The social fabric on both sides of the Syrian-Jordanian border has remained similar, notwithstanding the fact that a century has passed since the Sykes-Picot agreement that divided the region between Britain and France. Communities on either side of the separation line remain similar, with extended families and clans (sub-tribes or ‘ashireh) dominating the social landscape. They remain linked by family and kinship ties, as well as shared customs and traditions.

But this so-called “line in the sand”—the boundary dividing British and French areas of control drawn during World War I—has also left its mark. Relations between tribal clans and their respective states differ markedly between Jordan and Syria, both in terms of their roles in the state-building process and the space that clan notables have been given to exercise traditional authority within their societies.

With the increasing levels of violence in Syria after 2011, many Syrians, especially from the border governorate of Dar‘a, sought refuge in Jordan. Statistics from the United Nations High Commissioner for Refugees show that the largest concentration of refugees is located in Amman Governorate, Jordan’s economic heartland. The second-largest is present in the northwestern border areas of the kingdom, which resemble nearby parts of Syria in their climate, geography, and even architecture. Not only is the environment similar, but many Jordanian and Syrian families have family ties and relationships from before the conflict. This helped Syrians integrate into Jordanian society after they had fled Syria.

After settling in Jordan, many refugees found that the state’s relationship with clans were different than what they had encountered in Syria. Throughout the decades of Ba‘th Party rule, the Syrian state sought to weaken tribal clan authority. Half a century of such policies prior to the uprising, along with changing ways of life, gradually reduced the role of clan notables. Still, the state used what remained of these notables’ influence for its own ends. For example, it took advantage of their authority to contain and resolve major disputes between large families and keep the peace in rural peripheries of the country.

Jordan’s tribal clans, in turn, face few of the restraints and pressures experienced by their Syrian counterparts. Instead, they remain a major power center with considerable authority and influence in the kingdom. Tribal tradition plays a crucial role in Jordanian society despite growing opposition to it. Even today, the king derives some of his legitimacy from his status as the leader of the kingdom’s tribal leaders, a historical legacy dating back to Jordan’s foundation. Despite rare bumps in ties between the state and tribal clans, especially for economic reasons, these relationships have remained essential for the stability of Hashemite rule.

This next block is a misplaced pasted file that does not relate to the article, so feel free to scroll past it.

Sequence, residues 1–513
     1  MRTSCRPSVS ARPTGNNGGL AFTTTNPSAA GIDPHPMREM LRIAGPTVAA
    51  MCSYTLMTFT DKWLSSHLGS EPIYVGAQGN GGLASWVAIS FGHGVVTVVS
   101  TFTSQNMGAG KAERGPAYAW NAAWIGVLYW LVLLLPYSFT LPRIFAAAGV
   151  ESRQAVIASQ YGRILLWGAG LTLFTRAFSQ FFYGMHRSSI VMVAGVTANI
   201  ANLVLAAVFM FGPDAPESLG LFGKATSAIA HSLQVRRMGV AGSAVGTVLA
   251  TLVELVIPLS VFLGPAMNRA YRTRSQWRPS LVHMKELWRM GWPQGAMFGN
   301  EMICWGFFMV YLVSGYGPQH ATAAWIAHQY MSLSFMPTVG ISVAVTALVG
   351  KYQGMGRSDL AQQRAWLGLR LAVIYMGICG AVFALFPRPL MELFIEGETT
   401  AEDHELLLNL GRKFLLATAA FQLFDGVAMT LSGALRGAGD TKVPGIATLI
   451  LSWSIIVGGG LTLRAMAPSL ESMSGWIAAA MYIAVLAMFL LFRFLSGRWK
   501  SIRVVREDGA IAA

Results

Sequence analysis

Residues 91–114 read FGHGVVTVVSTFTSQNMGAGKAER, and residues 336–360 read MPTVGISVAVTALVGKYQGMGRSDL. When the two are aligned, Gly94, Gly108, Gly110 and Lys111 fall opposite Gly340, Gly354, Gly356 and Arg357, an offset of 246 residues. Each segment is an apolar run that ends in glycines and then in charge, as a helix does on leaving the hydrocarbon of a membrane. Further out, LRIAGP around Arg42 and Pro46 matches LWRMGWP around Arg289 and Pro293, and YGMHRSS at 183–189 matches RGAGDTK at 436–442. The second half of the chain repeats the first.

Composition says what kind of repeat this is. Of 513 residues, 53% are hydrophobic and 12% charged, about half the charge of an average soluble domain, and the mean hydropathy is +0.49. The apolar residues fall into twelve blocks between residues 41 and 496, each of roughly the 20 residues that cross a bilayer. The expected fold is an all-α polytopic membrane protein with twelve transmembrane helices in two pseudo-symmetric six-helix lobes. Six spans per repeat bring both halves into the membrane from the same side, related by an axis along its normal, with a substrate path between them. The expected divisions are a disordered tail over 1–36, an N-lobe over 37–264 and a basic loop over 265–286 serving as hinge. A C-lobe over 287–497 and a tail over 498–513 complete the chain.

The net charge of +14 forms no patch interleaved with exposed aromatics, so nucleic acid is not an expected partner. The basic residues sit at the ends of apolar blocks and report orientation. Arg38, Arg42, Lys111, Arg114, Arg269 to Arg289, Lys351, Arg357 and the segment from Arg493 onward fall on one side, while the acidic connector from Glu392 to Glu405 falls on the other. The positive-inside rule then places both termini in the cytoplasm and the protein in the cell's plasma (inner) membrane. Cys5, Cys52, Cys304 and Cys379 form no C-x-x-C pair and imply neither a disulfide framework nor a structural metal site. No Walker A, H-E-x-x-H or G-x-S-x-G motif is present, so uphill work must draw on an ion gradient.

The new reality in Jordan makes some Syrian notables claim that there is more respect for the clan in Jordan than in Syria. Indeed, in Jordan tribal traditions and customs similar to those in Syria are more widely practiced. This continues to strengthen the clans’ traditional authority, which gives them positions of leadership with judicial, customary, and even political roles as intermediaries between their communities and the state—far more than in Syria.

The situation in Syria has brought about deep changes in the relationship between state and society, including with clan notables. Early on in 2011, notables in Dar‘a broke with their traditional roles and were at the forefront of anti-regime protests when Brigadier General ‘Atif Najib, the head of the Political Security Directorate in Dar‘a, humiliated notables who had gone to seek the release of children arrested and tortured for writing anti-regime slogans. This is widely seen as the incident that sparked the uprising.

Tribal customs remained, and perhaps were strengthened, amid the absence of state institutions in Syria. As a result, some known personalities lost their social status as notables, while others turned the crisis into an opportunity. They gained authority and prominence within their extended families and clans and became new intermediaries with the state. These transformations are ongoing and the political role of clan notables in Syrian society today has yet to become clear. For now, many seem to have lost the roles they played before the uprising, becoming rivals and targets of the state.

The lives of Syrian clan notables in Jordan differ greatly from their lives before the uprising and from the situation of Syrians who are living in Dar‘a today. Many certainly face the hardships of being refugees and do not enjoy the same privileges as their Jordanian counterparts. Yet they live in a sociopolitical environment in which they are able to exercise their traditional authority more widely over their communities and without the fear of being targeted by the state. In that sense, despite living in exile, they are in a more favorable social and political setting than where they had been.

*Walid al-Nofal is a journalist in Dar‘a, Syria.

 

This publication was produced with support from the X-Border Local Research Network, a program funded by UK aid from the UK government. The views expressed do not necessarily reflect the UK government’s official policies.